Thursday, November 27, 2014

My Prayer for a Happy Thanksgiving

I write this to wish each everyone a blessed, holy and happy Thanksgving!

I write this aware of the pain many of us carry in our hearts during this time of Thanksgiving and throughout the Christmas season.

So, aware of this pain and the imperfect circumstances many of us have experienced on Thanksgiving - I still write this to wish you much gladness and gratitude,
even though:

This Thanksgiving, some of us were alone.
Some of us had family members who were missing through death or other circumstances -- and our hearts were broken at their absence. 

Many families are 'broken', divorced and separated - some in outward ways, and some in very hidden ways. 
Many are living in strife.
Some have been abandoned or abused.
Some are caught in the web of sin and addictions.
Some are hungry and living in poverty,
In sickness or close to death.

When our circumstances don't match up to the perfect, beautiful images of Thanksgiving we imagine or once experienced, deep sadness, or even depression can come upon us.  
While our society's images of close knit families enjoying each other and feasting around a a bountiful Thanksgiving meal are beautiful, they can lead us to have unrealistic expectations that were never promised to us by God.  

God never promised us a perfect family.  
God never promised that our lives would be free from pain or hurt, rejection or betrayal. 

Regardless of our current family situations, 
we still are blessed beyond measure in ways that go far beyond the outward circumstances in which we are living. 

Our life is a gift. 

Every breath we take is a gift from God.  
Every beat of our heart is a gift from God. 
Every good thing we have is a gift from God and it is right and just to give Him thanks!  

And this is the secret to happiness -- to be mindful of the gifts God has given us and to offer Him thanks and praise for these amazing things that we often take for granted!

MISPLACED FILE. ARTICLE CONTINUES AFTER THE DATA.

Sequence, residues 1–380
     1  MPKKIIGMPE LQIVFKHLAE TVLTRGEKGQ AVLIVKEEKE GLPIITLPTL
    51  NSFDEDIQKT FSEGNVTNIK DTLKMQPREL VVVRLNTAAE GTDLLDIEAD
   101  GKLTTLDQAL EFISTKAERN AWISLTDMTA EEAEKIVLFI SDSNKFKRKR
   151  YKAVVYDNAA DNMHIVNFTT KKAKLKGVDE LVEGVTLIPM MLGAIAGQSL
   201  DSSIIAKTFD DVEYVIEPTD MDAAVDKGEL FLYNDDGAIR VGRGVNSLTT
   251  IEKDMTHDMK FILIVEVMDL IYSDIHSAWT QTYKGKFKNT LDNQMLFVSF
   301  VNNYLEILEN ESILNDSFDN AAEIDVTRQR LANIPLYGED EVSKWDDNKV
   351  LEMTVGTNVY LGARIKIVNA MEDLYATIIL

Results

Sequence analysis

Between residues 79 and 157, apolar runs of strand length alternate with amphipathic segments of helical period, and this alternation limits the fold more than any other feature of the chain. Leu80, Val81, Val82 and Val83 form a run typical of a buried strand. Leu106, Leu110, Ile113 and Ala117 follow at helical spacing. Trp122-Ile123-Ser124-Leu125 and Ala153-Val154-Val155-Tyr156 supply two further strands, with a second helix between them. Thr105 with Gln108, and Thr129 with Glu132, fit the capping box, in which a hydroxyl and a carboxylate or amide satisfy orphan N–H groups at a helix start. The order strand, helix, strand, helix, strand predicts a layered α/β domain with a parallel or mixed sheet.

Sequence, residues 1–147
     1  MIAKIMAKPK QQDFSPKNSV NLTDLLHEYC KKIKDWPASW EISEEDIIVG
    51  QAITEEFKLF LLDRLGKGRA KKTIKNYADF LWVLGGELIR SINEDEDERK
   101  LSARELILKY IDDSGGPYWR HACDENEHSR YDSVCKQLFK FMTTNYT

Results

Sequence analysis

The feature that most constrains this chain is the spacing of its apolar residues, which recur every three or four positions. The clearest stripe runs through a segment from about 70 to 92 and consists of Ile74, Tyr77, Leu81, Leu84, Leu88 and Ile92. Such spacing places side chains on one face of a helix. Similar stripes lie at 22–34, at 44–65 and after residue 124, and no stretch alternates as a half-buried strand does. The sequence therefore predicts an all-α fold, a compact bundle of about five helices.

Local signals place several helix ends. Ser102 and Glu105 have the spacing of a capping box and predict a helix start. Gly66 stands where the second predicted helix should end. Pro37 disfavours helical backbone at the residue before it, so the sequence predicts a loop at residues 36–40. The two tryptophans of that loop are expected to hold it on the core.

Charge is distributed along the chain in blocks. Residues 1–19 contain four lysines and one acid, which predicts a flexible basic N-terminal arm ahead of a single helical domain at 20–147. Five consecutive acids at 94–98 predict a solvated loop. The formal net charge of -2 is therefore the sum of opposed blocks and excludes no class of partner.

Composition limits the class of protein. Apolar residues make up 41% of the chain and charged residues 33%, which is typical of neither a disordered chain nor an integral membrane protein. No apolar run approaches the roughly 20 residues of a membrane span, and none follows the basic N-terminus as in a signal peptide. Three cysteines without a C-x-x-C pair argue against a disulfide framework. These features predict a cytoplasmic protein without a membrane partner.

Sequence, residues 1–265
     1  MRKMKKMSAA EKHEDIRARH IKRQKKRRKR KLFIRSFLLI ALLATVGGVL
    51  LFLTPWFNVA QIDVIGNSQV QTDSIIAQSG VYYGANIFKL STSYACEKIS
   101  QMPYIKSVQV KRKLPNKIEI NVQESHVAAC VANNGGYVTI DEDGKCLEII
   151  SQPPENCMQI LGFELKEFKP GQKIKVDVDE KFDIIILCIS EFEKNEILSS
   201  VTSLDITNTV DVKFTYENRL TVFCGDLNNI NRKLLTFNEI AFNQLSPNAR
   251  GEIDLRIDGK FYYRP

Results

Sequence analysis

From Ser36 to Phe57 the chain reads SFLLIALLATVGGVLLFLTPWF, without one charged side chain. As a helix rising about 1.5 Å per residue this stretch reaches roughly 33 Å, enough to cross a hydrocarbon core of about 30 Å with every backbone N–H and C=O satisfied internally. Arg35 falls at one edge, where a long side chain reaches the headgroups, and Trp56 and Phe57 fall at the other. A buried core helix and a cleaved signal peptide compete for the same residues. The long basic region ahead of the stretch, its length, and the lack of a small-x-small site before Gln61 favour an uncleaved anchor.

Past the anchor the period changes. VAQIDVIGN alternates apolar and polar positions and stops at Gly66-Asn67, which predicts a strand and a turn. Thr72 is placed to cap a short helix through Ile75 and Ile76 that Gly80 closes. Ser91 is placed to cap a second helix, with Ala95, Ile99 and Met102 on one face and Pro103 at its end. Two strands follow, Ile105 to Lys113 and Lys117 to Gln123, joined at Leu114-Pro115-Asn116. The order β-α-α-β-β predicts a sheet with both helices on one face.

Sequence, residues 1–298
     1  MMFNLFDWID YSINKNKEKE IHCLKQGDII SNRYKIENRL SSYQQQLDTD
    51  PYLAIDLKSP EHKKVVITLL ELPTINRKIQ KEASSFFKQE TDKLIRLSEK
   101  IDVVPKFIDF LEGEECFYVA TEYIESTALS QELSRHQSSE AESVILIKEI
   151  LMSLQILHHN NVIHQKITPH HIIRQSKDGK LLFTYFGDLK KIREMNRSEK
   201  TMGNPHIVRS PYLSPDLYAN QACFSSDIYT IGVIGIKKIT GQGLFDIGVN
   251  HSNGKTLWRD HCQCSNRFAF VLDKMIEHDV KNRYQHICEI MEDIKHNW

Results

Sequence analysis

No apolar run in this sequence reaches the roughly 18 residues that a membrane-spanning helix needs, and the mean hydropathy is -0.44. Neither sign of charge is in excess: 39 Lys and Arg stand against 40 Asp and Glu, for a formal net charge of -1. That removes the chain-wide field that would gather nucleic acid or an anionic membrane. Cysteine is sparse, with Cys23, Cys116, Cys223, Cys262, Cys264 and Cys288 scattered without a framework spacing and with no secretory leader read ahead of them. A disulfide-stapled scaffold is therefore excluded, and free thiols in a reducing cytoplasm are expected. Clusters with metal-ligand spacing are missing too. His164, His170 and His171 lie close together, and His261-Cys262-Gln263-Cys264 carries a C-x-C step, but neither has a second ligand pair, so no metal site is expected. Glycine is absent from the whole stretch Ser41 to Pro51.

To keep our eyes on Jesus instead of ourselves and our own pain.

I often think of St. Patrick, whose birth name was Maewyn Succat. As a young man he was kidnapped and enslaved for six years in a foreign land. Forced to live without shelter.  He was often alone, starving and perhaps beaten and tortured.
In this deprivation, he turned to God and rejoiced in His wondrous gifts that surrounded him even in such horrific circumstances.  
He didn't live in perfect circumstances -- but his heart was free and thankful.

Two prayers that he prayed during this time never fail to stir my heart, for they stemmed from his prayerful union with God during this time of dire need. 

One has been turned into a song.  
Every time I pray or sing it, I imagine Patrick singing and praying these words of praise to His Creator and constant companion while cold, starving and enslaved.
It reminds me of all we have to be thankful for that goes far beyond our circumstances. 

May it be a gift to you as it is to me.

The Bulwark or Breastplate of St. Patrick

This day God gives me
strength of high heaven
Sun and moon shining,
flame in my hearth.
Flashing of lightning,
wind in its swiftness,
Deeps of the Ocean,
firmess of earth.

This day God sends me,
strength as my guardian,
Might to uphold me,
Wisdom as guide.
Your eyes are watchful, 
your ears are listening,
Your lips are speaking,
Friend at my side.

God's way is my way,
God's shield is round me,
God's host defends me,
Saving from ill.
Angels of heaven, 
drive from me always,
All that would harm me,
Stand by me still.

Rising I thank You, mighty and Strong One,
King of creation, Giver of rest,
Firmly confessing Oneness of Godhead 
Threeness of Persons, Trinity blest. 

There is no greater gift than Jesus becoming man to die for our sins! 

There is no greater gift than Our Savior and God desiring us so much that He found a way to be united to us in the midst of this imperfect world. He hides Himself in the appearance of Bread so He can live inside us, nourishing us and filling us His Grace, with the Father's Love and the Power of the Holy Spirit and all His gifts: joy, peace, patience, gratitude, strength, courage, fear of the Lord, etc. 

All that is good is a gift that He longs to give to us.  It is only contingent upon our acceptance of Him.  

The happiest of men are the ones who are aware and grateful for these gifts and who are living with and in the One who created us, redeemed and cherishes us more deeply than we can ever fathom.